Roundtable: Decisions At SDPD, Death In Assisted Living, Killer Whales At Sea World
Friday, March 14, 2014
Liam Dillon, Voice of San Diego
Jeff McDonald, U-T San Diego
Lisa Halverstadt, Voice of San Diego
Zimmerman, SDPD Face Challenges
Be careful what you wish for.
For Shelley Zimmerman, becoming the new chief of the San Diego Police Department is a promotion that comes with some big strings (and major problems) attached.
One of the choices facing Zimmerman and her department is whether to return its focus to community policing or concentrate on rapid response to crime.
The department has its problems. Chronic underfunding and an aging force (50 percent will be eligible for retirement in the next four years) seem less significant at the moment than the news emerging about SDPD's culture.
More than 14 officers have been accused (and some convicted) of serious misconduct since 2010. It was also reported that the SDPD had veered away from its policy of tracking incidents of racial profiling. Its much-praised neighborhood policing policy has also taken a back seat in favor of rapid response to crime.
The department's credibility took another hit when an investigator for the District Attorney's office said in a deposition that the department stonewalled her on information on a sexual battery case involving a San Diego police officer.
Zimmerman said on KPBS that she is in favor of an outside audit of department policies and procedures, but is not in favor of oversight by an independent agency.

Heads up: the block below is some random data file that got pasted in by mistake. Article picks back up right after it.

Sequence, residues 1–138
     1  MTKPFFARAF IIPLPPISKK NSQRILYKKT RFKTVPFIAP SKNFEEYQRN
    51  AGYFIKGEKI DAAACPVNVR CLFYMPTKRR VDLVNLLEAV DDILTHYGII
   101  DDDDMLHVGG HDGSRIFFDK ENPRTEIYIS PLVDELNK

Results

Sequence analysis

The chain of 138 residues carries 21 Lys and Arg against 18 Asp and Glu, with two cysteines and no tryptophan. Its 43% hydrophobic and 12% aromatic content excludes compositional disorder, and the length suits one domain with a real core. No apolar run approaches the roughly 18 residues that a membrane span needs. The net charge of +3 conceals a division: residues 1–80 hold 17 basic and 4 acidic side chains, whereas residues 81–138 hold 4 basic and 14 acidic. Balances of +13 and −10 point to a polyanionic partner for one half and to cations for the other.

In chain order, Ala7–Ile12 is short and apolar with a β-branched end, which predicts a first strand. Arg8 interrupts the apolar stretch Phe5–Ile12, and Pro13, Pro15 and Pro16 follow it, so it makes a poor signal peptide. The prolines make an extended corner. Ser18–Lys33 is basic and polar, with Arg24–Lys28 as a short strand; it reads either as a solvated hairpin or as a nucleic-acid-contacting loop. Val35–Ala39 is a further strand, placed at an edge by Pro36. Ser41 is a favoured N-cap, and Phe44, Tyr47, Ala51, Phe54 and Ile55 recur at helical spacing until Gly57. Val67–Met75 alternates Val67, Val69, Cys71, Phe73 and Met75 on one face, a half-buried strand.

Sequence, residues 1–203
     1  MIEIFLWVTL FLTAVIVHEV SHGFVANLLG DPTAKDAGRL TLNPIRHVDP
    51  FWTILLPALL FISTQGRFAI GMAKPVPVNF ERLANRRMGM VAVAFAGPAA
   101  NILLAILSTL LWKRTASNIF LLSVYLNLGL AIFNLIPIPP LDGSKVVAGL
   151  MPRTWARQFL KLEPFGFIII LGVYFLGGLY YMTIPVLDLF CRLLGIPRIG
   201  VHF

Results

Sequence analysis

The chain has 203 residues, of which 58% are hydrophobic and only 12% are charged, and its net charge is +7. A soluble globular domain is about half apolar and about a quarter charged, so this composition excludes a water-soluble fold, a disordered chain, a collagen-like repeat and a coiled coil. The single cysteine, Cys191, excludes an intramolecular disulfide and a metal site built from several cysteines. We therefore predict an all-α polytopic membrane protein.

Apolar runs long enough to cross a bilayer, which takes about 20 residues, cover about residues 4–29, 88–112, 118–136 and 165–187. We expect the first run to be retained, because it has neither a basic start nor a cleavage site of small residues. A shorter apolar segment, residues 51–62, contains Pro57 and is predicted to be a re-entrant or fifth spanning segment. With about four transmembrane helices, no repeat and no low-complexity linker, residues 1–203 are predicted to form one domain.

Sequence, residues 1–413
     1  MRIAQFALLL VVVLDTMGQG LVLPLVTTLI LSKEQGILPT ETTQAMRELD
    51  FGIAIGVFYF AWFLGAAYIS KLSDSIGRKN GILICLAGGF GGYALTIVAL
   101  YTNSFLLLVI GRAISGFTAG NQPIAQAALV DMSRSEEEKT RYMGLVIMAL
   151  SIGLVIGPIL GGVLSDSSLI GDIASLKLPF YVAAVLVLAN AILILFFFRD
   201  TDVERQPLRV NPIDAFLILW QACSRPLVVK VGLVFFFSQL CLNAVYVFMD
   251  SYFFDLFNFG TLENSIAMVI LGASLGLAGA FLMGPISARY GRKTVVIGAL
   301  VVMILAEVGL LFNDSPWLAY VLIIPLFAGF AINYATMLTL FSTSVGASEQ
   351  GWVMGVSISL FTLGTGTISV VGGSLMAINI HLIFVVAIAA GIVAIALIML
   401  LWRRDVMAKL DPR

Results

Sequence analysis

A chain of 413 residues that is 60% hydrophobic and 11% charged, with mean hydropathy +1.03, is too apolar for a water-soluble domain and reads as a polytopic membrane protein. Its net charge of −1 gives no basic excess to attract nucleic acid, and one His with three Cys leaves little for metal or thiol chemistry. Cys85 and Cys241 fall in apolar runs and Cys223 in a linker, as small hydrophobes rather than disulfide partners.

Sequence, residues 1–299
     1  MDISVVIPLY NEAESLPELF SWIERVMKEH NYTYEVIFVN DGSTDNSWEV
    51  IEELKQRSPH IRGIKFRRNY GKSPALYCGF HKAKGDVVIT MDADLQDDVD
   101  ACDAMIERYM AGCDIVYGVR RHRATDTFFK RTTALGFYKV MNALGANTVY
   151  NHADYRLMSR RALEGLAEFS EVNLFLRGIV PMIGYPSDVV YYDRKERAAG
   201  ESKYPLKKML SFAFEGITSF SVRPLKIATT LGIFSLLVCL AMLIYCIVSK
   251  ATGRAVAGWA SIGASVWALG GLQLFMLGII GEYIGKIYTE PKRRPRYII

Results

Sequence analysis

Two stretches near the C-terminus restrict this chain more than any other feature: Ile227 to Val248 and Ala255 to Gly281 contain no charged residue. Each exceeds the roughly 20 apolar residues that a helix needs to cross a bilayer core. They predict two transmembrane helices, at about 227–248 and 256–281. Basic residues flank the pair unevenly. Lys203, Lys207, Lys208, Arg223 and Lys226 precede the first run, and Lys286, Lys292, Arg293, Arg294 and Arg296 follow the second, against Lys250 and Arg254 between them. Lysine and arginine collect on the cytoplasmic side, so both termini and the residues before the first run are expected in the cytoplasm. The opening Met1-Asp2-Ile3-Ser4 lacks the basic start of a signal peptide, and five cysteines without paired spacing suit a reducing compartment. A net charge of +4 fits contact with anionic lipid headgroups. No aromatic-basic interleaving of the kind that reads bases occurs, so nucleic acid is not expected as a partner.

Reporting on Assisted Living Deaths Prompts County Reforms
Last fall, U-T San Diego and the CHCF Center for Health Reporting at USC’s Annenberg School looked into hundreds of incidents of injury and even death among seniors in assisted living facilities in San Diego County.
They found that 27 San Diego County seniors have died since 2008 from injuries and neglect. Many of these deaths were not investigated and the facilities were not punished by the state agency assigned to protect seniors.
The problem has arisen because more and more seniors are living longer and therefore growing sicker. And they are increasingly choosing to live in homelike, affordable assisted living facilities instead of expensive, traditional nursing homes.
The state agency charged with oversight of assisted living facilities is both underfunded and underpowered. The top fine for injury or neglect is $150.
Real reform, and the funds to make it happen, must come from the state. Meanwhile, San Diego County has mobilized its resources to increase oversight staff and work with the Better Business Bureau to rate assisted living homes. The District Attorney has begun a pilot project to prosecute neglect and abuse cases unpunished by the state.
Seaworld Has A Whale Of A Problem
Sea World San Diego is one of the world’s major theme parks, bringing in more than 4 million visitors a year. It is a major economic engine for San Diego.
It sits on 190 acres of city property, which it rents for about $14 million a year, a figure based on the park’s revenue. Unusually, its lease with the city requires it to pay property taxes, including $5.2 million this year. It employs 2,500 to 4,500 San Diegans annually, the number depending on the season.
The operative figure for this discussion, however, is 10, the number of killer whales at Sea World. Killer whales are the subject of the documentary "Blackfish," which purports to show how keeping the whales in captivity poses dangers to trainers and even other whales. It has caused Sea World to engage in major damage control and fight a lawsuit, and it has spawned a “Blackfish Bill” in the California Legislature that would bar both shows featuring killer whales and captive breeding programs.
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